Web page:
Rigor is not a four-letter word

The District
of Columbia is home to a thriving charter-school
market. Of all American cities, it’s also the one that has experienced the most
rapid gentrification over the past ten years. As these two realities now
converge, upper-middle class D.C. parents are seeking more charter schools for
their kids. The District already boasts several charters serving substantial
numbers of affluent families (sometimes by design, often not); these include
E.L. Haynes, Capital City, Yu Ying, Two Rivers, Latin American Montessori
Bilingual, and Washington Latin. And now there’s BASIS DC, a charter
slated to open in 2012, which follows the successful, and uber-rigorous,
BASIS charter-school program
. The school will offer Algebra I in seventh
grade, and require that high schoolers take eight AP courses (and pass six AP
tests) in order to graduate. Rather than applaud such rigor, though, critics are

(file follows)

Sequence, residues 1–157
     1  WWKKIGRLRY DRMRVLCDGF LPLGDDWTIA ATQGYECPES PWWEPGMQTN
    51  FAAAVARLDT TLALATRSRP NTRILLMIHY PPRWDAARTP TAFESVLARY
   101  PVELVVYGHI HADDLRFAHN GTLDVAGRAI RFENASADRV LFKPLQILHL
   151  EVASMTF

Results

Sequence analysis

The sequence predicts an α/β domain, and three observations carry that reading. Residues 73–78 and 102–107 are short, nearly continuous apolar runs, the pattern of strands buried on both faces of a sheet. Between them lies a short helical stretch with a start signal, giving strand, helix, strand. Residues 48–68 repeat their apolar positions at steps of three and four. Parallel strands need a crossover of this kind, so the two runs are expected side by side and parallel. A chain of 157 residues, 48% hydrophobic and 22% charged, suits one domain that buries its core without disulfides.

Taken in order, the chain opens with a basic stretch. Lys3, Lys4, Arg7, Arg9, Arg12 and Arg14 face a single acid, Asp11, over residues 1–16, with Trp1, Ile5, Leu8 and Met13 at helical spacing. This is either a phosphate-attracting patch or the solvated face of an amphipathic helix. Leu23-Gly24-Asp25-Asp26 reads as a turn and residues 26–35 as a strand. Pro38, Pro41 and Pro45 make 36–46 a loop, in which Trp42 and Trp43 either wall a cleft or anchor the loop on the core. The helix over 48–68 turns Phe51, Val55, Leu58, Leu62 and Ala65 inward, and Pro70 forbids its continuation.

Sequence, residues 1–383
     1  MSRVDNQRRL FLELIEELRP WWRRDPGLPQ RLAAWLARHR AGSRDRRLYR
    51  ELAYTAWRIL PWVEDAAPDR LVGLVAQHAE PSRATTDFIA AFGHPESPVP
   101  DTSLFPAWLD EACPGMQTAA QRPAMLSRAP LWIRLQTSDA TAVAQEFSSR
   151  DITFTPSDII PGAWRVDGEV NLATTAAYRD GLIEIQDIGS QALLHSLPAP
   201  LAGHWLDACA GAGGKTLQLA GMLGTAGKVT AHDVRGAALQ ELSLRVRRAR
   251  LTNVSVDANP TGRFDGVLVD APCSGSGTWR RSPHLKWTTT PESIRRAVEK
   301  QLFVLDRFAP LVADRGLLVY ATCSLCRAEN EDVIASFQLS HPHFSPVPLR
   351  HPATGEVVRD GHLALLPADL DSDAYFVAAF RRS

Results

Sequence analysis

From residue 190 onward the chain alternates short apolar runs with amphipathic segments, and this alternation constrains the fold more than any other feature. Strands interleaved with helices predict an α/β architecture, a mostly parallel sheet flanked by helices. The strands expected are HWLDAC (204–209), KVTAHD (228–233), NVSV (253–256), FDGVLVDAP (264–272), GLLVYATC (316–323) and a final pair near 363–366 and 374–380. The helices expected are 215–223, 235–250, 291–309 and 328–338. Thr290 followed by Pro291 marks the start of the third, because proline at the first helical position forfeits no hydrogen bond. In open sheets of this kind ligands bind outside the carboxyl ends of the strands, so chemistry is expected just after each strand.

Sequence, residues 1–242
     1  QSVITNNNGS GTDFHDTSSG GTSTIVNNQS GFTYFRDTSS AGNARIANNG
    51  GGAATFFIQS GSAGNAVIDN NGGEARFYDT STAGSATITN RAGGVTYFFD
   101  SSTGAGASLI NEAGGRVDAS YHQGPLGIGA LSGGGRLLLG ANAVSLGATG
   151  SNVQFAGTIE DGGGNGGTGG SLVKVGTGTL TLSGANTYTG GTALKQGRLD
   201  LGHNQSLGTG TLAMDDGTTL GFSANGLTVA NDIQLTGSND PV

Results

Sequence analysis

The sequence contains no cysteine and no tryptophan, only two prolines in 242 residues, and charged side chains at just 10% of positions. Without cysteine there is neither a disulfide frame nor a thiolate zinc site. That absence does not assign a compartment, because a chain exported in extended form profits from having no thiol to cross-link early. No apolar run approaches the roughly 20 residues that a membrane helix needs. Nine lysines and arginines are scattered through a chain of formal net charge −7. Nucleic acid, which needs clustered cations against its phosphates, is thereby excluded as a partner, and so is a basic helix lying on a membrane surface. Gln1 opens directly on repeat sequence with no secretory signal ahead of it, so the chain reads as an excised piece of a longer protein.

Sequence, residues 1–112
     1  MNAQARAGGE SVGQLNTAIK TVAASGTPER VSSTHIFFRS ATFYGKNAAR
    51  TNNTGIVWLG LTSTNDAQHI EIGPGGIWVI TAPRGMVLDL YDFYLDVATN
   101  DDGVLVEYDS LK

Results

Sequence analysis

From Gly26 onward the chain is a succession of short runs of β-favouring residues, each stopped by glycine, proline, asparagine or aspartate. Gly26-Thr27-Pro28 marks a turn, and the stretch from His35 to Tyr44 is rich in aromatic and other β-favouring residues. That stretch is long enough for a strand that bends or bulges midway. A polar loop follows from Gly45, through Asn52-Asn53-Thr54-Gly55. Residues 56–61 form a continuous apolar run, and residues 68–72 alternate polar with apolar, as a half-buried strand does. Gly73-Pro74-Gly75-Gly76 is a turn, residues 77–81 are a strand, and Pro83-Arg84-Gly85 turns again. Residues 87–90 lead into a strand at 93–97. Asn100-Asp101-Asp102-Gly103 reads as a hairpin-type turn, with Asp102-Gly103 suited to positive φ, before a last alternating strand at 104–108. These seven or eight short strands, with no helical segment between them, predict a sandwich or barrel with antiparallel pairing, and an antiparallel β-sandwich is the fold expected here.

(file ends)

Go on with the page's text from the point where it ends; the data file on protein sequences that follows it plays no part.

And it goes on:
crying “conspiracy,” wondering whether that kind of model is designed to create
a publically funded school for Washington’s
elite—and to exclude the vast majority of D.C.’s kids, who are poor, black, and
under-achieving. As Skip McKoy of the D.C. Public Charter School Board stated,
“I’m all for high standards…Kids should be pushed. But you have to recognize
the population.” Wryly reading between the lines, Jay Mathews translates: “This
school is too smart and too tough for D.C.” It’s fair game to question whether
BASIS has a plan to “on-ramp” kids who come to the school lagging academically.
And it’s not crazy to worry that the school could wind up serving an exclusively
affluent clientele. But to assume that poor and minority kids in D.C. can’t
learn at high levels is an affront to their potential. And if BASIS can succeed
at creating a school that is challenging for the rich and poor alike, D.C. will
be much the better for it.

in D.C. wonder if rigorous charter school can meet poor students’ needs
,” by
Bill Turque, Washington Post, May 11,